Vandenbroucke was threatening suicide

According to his father, Frank Vandenbroucke was trying to scare his wife into thinking he'd committ

According to his father, Frank Vandenbroucke was trying to scare his wife into thinking he'd committ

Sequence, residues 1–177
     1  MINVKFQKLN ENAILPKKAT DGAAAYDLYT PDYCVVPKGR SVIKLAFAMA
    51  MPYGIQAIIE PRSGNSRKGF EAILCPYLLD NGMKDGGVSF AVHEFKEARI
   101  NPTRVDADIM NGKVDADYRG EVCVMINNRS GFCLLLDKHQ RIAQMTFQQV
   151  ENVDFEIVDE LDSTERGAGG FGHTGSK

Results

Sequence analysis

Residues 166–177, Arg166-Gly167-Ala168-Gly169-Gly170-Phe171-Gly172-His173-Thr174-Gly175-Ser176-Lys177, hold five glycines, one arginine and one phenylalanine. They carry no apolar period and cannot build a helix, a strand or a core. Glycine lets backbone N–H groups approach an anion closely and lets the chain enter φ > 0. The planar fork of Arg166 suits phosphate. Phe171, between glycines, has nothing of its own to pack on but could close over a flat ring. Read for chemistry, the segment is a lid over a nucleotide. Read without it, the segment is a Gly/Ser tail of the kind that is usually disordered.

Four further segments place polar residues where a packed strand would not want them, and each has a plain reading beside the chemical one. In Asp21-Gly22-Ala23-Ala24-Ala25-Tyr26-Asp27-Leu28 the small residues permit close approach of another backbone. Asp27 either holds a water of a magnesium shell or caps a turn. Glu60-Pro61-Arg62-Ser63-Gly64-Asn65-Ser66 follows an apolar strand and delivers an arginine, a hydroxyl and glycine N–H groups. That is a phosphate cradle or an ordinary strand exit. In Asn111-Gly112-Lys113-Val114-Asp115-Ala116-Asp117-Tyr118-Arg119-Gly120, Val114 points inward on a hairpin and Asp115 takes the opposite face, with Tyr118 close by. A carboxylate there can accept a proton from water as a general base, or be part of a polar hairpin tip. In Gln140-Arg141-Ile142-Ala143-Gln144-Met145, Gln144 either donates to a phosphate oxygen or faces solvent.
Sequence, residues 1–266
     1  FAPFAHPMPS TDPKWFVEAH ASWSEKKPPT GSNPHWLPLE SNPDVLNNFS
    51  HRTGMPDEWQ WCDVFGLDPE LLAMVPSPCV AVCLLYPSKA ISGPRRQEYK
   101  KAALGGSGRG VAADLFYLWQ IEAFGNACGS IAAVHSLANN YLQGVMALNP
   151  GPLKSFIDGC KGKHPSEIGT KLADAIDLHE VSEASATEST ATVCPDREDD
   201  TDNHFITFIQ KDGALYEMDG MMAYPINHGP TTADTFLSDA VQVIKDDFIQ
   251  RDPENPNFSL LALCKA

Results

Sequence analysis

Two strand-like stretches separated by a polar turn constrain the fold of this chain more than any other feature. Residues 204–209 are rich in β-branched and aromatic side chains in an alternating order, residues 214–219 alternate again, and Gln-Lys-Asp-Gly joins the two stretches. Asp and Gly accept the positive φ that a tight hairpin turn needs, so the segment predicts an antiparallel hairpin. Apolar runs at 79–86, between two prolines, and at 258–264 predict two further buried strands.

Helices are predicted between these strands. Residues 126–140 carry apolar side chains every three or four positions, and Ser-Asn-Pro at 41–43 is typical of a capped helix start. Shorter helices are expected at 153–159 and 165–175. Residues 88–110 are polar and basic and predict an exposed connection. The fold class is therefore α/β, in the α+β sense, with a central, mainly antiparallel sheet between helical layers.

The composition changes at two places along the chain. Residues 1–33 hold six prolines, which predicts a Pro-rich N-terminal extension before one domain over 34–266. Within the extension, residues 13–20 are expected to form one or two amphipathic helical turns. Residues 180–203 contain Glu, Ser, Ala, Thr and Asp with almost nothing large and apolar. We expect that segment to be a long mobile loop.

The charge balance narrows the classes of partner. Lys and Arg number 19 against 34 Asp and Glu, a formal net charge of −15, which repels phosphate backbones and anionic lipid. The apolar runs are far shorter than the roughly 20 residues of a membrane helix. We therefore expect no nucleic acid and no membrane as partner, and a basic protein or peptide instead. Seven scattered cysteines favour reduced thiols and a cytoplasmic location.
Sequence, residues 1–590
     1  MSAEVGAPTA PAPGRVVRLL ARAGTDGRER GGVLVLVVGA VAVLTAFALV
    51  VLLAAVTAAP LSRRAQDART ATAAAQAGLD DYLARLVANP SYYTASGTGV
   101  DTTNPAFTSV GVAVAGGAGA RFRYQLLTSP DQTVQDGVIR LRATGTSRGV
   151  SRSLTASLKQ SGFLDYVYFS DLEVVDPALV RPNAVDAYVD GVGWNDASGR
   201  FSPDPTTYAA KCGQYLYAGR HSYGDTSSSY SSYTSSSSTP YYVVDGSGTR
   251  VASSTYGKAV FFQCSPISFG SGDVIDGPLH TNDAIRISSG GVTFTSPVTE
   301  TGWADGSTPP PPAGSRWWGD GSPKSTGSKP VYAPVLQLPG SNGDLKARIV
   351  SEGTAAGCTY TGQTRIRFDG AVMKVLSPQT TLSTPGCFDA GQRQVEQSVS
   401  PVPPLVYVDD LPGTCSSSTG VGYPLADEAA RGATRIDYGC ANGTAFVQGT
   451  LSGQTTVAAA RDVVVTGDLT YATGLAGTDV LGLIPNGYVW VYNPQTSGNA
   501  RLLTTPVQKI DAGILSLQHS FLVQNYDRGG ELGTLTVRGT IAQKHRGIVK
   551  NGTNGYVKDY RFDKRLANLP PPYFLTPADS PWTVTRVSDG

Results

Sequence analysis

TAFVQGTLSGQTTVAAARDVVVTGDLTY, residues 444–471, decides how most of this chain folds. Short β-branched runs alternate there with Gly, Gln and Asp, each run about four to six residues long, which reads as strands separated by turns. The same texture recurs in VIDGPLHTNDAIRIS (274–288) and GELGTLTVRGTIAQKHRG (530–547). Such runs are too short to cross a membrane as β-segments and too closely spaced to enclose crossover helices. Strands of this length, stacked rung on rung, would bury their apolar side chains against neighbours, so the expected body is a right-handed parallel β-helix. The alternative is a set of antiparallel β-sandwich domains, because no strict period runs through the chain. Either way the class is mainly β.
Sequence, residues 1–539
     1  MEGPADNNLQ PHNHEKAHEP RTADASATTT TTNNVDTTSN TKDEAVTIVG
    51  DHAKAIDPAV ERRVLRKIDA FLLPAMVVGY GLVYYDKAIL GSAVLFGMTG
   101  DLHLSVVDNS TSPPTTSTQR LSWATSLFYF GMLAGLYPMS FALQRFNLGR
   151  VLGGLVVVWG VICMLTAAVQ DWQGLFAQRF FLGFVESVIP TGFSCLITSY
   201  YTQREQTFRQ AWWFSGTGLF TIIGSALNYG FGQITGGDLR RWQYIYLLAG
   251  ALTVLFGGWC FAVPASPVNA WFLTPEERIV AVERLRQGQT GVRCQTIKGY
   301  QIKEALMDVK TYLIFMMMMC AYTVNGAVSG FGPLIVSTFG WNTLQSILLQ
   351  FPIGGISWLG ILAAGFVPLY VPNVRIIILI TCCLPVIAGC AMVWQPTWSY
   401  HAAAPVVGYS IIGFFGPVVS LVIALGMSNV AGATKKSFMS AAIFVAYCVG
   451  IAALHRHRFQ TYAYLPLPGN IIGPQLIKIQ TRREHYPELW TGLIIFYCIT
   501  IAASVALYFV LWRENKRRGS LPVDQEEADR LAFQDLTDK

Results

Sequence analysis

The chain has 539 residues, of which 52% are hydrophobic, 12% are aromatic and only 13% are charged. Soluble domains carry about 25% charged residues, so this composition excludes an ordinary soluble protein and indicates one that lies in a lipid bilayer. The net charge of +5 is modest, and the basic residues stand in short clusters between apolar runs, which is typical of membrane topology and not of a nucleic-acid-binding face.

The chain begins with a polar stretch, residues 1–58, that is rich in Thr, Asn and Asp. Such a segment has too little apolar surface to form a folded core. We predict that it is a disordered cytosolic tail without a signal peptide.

PICTURE BY TIM DE WAELE Frank Vandenbroucke's father, Jean-Jacques, has told the Belgian press that Monday's shooting incident at the Fassa Bortolo rider's home was an attempt by the Belgian rider to make his wife think he had committed suicide. Frank and his wife, Sarah, had been arguing on the phone when, according to latest reports, Frank went out into the garden and let off his shot gun in order to make his wife think he had shot himself. Speaking to La Dernire Heure at the bar the Vandenbroucke family run in Ploegsteert, not far from Frank's home near Nieuwkerke, Jean-Jacques was trying to play down the incident, saying that the couple had been arguing like many couples would. However, this argument led to Sarah Vandenbroucke calling the police because of fears for his husband's wellbeing, and a dozen police officers wearing bullet-proof vests turning up at the Vandenbroucke home to investigate. "I realise that this has made headlines because Frank is Frank, but it was just a dispute that numerous couples might have," said former pro and Lotto soigneur Jean-Jacques. "Frank was talking to Sarah on the telephone, they were arguing. He went out into the garden and let his shotgun off into the air. She was frightened that something had happened to him and called 100. He did it to try to make her scared." Frank's mother, Chantal, revealed that Frank had told her that same morning: "Now I need to sort myself out, to forget her and get myself together as a rider." The couple met at the world championships in Verona in 1999, since when Vandenbroucke has only won one professional race. Beforehand, he had won more than 40. For the past four years Vandenbroucke has been treated for depression by an Antwerp-based psychologist, Jef Brouwers. "This was the fifth or sixth time that Sarah had gone back to Italy," Jean-Jacques Vandenbroucke explained. "Every time she leaves him, Frank gets worse. This time it seemed to be definite because she was away for six weeks after Lige-Bastogne-Lige. It's very sad for their little girl. Sarah is a nice woman, she's intelligent, but she can get aggressive. "When they are together they fight, when they are apart they cry. He can't bear it when she leaves. He blames himself and takes all the guilt on himself. And then there is his daughter [two-year-old Margaux]. He can't bear not being able to see her. What will he do when she's in Milan with her mother? "On Monday the doctor prescribed antidepressants for him. I probably shouldn't say so but since Verona when he met Sarah he has not been a committed rider. He's only won one race since then, a kermesse. He needs to get a grip on himself now, but he has not got much time. He is going to be released again. Then there will only be one team left for him, Chocolade Jacques, where Noel Demeulenaere will find him a place."

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